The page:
Being Reformed

Following our Van Ruler conference last week, I found myself reading Herman Bavink. He comes from the other side of the Dutch lineage. He was the “brainy” Kuyper, if you will. There I found this short description of the movement from the Lutheran Reformation to the Reformed:

The question for the Lutherans was “how is one saved?” For the Reformed that was valid, but not sufficient. The Reformed asked: “How is God honored?” The first question only began the work of the Reformation. For all the world was to stand open to and be penetrated by the Word of God. The implications for this in terms of the life of the church meant that only only the office of the preacher was to be reestablished, but the liturgy and discipline as well; not only the religious life of a Sunday, but the societal life throughout the week; not only the private life of the citizen, but the public life of the state.

Hence the importance of 1) the life of the community beyond the congregation and 2) the offices as they are found in public life.

I find this interesting in part because Bavink is no radical but articulates what has pretty much been understood as centrally Reformed. But I find this the more interesting because the current direction of the RCA has pretty much forgotten this.

Is it because we presented a scholastic orthodoxy that was so dry that anything exciting was better? Was it because we weren’t paying attention to the exciting ways in which this tradition has evolved through very important theological and ecclesiastical voices? I’m not sure. But I’m not ready to settle for the smaller visions that have been put in front of us.

Al Janssen

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2 thoughts on “Being Reformed

  1. An historical theologian may suggest (with a number of qualifications) that the RCA was not closely watching the theological goings-on on the continent, focusing instead on more American concerns. I suppose in a form, that is what you might be suggesting is happening now too. I’d have to ponder that further before offering it as hypothesis, but it would be an interesting study.Blessings, RogueMonk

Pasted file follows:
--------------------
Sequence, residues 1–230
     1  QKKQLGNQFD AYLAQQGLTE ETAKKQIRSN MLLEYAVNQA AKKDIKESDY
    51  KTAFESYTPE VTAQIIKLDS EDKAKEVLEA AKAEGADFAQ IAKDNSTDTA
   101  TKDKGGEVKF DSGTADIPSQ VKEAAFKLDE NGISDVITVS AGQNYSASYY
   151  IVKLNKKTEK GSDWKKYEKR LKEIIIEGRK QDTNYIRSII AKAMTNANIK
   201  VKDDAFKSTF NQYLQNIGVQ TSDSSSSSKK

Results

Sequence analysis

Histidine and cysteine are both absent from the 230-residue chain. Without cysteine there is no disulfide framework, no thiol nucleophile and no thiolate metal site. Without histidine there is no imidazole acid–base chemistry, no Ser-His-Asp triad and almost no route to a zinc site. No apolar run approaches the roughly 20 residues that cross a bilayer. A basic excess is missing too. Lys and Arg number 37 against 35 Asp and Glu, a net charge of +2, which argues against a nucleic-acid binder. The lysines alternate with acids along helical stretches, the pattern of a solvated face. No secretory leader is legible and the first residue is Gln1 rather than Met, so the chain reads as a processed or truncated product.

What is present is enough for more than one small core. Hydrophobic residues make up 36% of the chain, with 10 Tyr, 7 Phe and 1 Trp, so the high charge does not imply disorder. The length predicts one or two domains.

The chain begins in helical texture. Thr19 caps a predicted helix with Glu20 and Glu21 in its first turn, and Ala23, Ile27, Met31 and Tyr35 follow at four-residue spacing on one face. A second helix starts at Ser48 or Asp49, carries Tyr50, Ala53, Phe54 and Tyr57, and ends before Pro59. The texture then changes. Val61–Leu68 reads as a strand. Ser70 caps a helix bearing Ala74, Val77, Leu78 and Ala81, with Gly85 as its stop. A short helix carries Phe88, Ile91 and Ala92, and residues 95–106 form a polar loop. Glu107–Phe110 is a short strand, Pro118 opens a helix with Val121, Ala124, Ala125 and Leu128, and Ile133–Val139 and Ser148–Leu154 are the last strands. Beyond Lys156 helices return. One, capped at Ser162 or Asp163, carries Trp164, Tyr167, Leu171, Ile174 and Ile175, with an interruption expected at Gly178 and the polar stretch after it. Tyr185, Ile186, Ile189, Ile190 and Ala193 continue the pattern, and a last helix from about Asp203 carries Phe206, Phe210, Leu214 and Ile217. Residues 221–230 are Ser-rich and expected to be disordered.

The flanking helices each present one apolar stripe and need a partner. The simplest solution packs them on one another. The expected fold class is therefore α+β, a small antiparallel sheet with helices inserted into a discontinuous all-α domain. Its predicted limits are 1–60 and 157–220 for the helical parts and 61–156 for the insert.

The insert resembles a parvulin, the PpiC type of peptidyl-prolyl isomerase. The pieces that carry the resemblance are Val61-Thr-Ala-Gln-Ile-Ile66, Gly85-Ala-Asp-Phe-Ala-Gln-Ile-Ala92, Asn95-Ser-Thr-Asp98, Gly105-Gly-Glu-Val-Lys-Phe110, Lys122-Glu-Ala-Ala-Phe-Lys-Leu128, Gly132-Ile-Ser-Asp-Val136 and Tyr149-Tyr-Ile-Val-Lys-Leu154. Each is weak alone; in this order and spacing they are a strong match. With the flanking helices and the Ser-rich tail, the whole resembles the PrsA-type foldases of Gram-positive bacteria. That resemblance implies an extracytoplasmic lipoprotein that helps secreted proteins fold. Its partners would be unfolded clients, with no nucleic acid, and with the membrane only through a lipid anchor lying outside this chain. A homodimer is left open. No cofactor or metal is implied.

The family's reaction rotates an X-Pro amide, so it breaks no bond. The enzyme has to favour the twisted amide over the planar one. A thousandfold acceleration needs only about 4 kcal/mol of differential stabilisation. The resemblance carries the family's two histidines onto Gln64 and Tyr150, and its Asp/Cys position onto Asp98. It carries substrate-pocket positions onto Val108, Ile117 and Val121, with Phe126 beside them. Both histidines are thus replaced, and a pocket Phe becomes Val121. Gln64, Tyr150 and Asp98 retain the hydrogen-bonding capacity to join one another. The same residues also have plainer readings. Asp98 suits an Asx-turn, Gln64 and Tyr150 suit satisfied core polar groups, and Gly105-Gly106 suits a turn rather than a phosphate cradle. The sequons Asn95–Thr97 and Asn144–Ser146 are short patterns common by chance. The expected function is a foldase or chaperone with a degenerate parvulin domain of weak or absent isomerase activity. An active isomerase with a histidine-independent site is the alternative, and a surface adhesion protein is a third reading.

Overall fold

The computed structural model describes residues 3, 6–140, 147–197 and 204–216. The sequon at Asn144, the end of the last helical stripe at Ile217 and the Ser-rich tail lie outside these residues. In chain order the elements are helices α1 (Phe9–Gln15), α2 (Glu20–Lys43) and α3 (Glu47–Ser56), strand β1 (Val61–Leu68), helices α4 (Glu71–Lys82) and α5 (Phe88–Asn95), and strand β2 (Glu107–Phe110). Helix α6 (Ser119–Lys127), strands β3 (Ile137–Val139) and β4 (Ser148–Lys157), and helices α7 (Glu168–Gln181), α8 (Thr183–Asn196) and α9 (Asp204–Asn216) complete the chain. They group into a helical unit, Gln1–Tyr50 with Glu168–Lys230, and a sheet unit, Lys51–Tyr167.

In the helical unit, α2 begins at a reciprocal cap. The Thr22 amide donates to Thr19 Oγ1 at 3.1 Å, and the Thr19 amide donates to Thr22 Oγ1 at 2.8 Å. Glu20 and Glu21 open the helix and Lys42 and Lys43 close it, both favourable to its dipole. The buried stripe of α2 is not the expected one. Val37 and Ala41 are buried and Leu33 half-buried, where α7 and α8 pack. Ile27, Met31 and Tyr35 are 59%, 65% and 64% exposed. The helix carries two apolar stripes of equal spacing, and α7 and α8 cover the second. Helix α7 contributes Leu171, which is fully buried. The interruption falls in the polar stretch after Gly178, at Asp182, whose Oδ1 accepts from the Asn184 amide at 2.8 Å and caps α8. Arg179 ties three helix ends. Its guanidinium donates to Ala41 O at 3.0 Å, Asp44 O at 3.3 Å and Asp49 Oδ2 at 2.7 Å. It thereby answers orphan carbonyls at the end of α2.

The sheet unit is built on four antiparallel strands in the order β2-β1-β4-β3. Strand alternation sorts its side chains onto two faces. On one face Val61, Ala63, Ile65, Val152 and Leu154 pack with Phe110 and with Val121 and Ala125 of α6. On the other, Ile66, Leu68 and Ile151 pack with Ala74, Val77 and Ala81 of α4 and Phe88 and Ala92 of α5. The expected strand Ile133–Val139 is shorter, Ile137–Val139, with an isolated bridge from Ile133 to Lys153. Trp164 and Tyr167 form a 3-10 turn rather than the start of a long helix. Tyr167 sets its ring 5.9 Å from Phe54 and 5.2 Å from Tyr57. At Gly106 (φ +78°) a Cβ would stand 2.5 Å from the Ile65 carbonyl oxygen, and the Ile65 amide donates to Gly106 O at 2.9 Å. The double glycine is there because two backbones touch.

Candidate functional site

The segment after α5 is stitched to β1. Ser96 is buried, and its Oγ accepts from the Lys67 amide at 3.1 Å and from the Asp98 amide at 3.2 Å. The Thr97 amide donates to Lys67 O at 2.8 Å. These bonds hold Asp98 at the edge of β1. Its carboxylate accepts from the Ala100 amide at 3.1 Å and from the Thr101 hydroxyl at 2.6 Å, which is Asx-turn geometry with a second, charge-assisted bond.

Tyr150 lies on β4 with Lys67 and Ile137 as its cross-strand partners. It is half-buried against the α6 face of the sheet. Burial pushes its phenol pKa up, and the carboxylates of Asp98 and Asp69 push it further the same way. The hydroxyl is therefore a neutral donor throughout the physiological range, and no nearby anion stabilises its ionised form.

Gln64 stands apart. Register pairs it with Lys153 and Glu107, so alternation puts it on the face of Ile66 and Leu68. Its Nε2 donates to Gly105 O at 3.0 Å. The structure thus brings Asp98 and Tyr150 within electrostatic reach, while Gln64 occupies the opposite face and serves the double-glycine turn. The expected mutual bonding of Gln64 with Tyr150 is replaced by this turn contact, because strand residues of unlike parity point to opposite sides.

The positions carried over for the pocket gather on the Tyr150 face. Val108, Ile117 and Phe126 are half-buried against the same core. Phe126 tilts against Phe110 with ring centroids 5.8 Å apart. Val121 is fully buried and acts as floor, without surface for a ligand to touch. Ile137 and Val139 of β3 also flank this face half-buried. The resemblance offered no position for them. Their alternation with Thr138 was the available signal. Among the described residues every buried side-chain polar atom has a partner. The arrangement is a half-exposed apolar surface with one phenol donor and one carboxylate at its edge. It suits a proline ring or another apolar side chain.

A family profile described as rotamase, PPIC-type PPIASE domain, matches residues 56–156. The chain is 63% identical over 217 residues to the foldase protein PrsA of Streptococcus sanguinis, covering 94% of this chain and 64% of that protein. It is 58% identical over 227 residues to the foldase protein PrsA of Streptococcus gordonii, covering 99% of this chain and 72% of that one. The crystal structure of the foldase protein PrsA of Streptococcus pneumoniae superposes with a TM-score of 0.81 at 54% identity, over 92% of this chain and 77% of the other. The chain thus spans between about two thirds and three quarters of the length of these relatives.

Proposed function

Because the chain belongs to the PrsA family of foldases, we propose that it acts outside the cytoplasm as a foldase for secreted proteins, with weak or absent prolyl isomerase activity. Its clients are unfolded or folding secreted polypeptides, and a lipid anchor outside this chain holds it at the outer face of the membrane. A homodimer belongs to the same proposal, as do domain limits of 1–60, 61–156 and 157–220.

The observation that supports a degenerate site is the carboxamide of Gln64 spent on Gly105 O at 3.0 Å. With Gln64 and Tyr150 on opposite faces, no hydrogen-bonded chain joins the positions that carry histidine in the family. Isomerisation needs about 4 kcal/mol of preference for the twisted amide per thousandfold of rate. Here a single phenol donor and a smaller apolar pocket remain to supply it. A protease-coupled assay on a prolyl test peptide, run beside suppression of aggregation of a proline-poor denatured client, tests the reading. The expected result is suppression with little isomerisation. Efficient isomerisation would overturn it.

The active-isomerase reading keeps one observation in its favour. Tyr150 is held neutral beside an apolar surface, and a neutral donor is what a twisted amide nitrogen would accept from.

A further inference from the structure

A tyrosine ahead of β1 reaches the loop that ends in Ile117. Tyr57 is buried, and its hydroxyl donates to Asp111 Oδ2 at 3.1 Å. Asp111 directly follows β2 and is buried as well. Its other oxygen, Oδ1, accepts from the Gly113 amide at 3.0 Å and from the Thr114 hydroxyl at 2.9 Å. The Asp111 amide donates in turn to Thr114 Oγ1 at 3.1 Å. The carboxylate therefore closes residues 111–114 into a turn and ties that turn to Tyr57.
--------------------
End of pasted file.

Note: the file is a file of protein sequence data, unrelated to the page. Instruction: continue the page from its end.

2. Thanks Al!Yes, Bavinck tried to ground Kuyer’s pragmatic and political thought in Reformational theology. (Kuyper’ theological writings were motivated by the opposite approach). He was Kuyper’s immediate successor at the Free University, and was followed by Berkhouwer, who in spite of his erudition and open approach was not able to come to a definitive grounding. (Bavinck did not find it primarily in theology either, but in a quite sophisticated form of creational ‘natural’ theology).The current flurry of restructuring in the RCA also lacks theological, and even ecclesiastical, grounding. Indeed, ‘How are we saved?’ looms much larger than ‘How is God honored?’I wish that the current RCA directions were simply aiming for but one Gestalt of ‘American’ ecclesiology, but it neither the substance nor orientation is grounded enough for that, at least not grounded in theology!It was telling, that one of our RCA’s ‘own,’ the Rev. Isaac Rottenberg was not even allowed to call attention to one of his most recent books at Synod. The hall space, set aside for all sorts of displays and resources, and with plenty of room to spare, was not only specifically off-limits for a humble book table. Worse, any flyers inviting people to a free lunch meeting elsewhere in Pella were removed, including taking down posters in the dorm spaces. His 2007 book, “Judaism, Christianity and Paganism” makes clear that Worldviews have implications! The recent RCA developments show a willingness to borrow freely from the latter, and completely ignore the first. That is doubly disastrous. Neither will ‘Save’ us, but at least in Reformed theology the first is about ‘honor’ of the NAME. By and large, Reformed theologians have been good at understanding or exposing the pagan latter, and have been more diligent than most on searching for Jewish connections and implications. (For a good review of Miskotte, Van Ruler and Berkhof on this latter aspect, see Andre Drost: Has God Changed?, a 2007 VU dissertation).And besides Judaism, the RCA also overlooks the non-western theology and ecclesiology. The RCA is a tiny fraction of WARC, to name one global organization. We are still lacking a good monograph on the various worldwide manifestations of offices and assemblies in the WARC member churches (at least to my knowledge). Reading Martien Brinkman’s ‘The non-western Jesus, ’ a study of the spectrum of worldwide christologies inspires a hope that we will also learn from non-western ecclesiology. I don’t know that ‘American’ ecclesiastical models of late will be able to make worthwhile contributions to the larger world. The subtitle of the book, ‘Jesus as bodhisattva, avatar, guru, prophet, ancestor and healer,’ stirs the imagination! (The 2007 book will soon be available in English). Reformed theologians are not afraid to look far and wide, always reforming ‘according to the Living Word’ as the supreme authority. The Counter Reformation grounded itself with equal vigor in the authority of being ‘The Church’ of the ages, binding the authority of the Living Word to ecclesiastical and ecclesiological considerations. The recent RCA re-structuring efforts are grounded, if at all, in neither. The great Reformers were even more disparaging of the ‘progressive’ holiness movements of their day than of Roman catholicity. What would they say about our contemporary developments? Bavinck is not a bad place to discover the questions, even if some of the answers are –by his own admission—provisional. God is honored by such humble servants.Okke

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